For older people, playing golf may be even better than Nordic walking

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In a study from the University of Eastern Finland, scientists found older adults may gain more health benefits from playing golf than participating in regular or Nordic walking.

The health advantages of aerobic exercise in helping to prevent heart diseases are well documented as part of efforts to stave off high blood pressure and diabetes.

However, most studies have tended to focus on younger people participating in acute bouts of exercise lasting 30 to 60 minutes at moderate to high intensity.

Golf, walking and Nordic walking—an enhanced walking technique in which people use poles to work their upper body as well as their legs—are popular age-appropriate forms of outdoor aerobic exercise that are safe and easily accessible for many older people.

In the study, the team compared the benefits of 3 different types of aerobic exercises on the heart and metabolic health.

They tested 25 healthy older golfers (aged 65 and above), comparing the effects of three acute aerobic exercises—an 18-hole round of golf, 6km of Nordic walking, and a 6km walk—on their blood pressure, blood sugar and blood cholesterol profile in a real-life environment.

The team showed that all three types of aerobic exercise improved heart health in older adults despite differences in duration and intensity—lowering their systolic blood pressure while walking and Nordic walking also led to a decrease in diastolic blood pressure.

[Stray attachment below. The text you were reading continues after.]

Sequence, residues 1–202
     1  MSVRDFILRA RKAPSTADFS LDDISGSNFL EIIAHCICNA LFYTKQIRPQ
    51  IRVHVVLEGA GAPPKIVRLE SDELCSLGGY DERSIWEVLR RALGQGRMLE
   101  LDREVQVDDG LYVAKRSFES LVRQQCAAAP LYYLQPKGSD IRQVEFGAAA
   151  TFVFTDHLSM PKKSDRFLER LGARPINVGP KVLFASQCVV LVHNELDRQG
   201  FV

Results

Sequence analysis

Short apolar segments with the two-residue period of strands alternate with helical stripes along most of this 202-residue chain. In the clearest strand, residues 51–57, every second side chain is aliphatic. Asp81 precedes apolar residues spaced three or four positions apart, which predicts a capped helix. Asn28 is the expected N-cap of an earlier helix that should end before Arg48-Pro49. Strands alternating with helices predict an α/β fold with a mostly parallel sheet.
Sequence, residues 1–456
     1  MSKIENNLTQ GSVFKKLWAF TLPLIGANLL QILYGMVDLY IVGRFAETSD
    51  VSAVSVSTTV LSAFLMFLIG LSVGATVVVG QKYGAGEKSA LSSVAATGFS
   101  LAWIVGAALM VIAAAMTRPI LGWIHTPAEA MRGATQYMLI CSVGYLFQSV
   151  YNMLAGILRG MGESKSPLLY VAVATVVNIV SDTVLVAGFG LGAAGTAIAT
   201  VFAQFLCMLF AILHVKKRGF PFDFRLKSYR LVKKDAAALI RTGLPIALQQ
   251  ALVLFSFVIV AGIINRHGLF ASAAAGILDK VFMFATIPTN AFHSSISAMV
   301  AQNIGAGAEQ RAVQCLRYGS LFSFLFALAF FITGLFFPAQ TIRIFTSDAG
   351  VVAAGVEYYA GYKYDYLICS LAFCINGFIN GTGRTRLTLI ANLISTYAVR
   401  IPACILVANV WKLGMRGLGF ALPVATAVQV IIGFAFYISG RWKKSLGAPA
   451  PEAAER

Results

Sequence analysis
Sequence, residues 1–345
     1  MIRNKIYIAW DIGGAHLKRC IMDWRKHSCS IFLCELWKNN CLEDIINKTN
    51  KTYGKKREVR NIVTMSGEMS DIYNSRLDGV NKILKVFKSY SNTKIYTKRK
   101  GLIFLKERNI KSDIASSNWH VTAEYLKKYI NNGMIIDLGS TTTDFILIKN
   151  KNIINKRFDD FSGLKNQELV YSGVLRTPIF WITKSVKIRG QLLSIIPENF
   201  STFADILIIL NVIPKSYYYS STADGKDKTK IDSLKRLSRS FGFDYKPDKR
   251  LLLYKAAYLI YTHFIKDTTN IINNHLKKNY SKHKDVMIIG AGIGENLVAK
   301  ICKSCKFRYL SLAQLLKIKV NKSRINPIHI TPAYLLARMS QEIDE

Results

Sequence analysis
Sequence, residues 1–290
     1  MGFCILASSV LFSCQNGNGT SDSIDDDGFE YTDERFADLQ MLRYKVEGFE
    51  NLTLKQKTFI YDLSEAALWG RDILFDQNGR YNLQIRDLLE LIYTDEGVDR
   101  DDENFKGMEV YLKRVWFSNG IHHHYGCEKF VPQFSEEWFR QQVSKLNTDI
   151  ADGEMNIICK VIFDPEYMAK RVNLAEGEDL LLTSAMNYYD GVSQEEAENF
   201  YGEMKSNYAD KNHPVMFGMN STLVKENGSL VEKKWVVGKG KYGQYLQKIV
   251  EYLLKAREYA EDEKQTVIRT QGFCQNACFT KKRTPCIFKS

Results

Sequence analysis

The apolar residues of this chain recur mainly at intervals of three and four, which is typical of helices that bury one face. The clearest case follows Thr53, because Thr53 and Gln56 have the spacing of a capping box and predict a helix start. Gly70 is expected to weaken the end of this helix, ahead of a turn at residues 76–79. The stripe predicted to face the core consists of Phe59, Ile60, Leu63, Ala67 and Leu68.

However, despite the lower exercise intensity of golf compared with Nordic walking and walking, it was the longer duration and higher total energy expenditure involved in playing golf that seemed to benefit blood sugar and cholesterol levels.

The researchers suggest that despite the lower exercise intensity of golf, the longer duration and higher energy expenditure appeared to have a more positive effect on lipid profile and glucose metabolism compared with Nordic walking and walking.

These age-appropriate aerobic exercises can be recommended to healthy older adults as a form of health-enhancing physical activity to prevent heart disease.

They can also be used as a treatment to improve heart and metabolic health among those who already have a heart disease.

If you care about wellness, please read studies about vitamin K deficiency linked to hip fractures in old people, and these vitamins could help reduce bone fracture risk.

For more information about wellness, please see recent studies that Krill oil could improve muscle health in older people, and Jarlsberg cheese could help prevent bone thinning disease.

The study was conducted by Julia Kettinen et al and published in BMJ Open Sport & Exercise Medicine.

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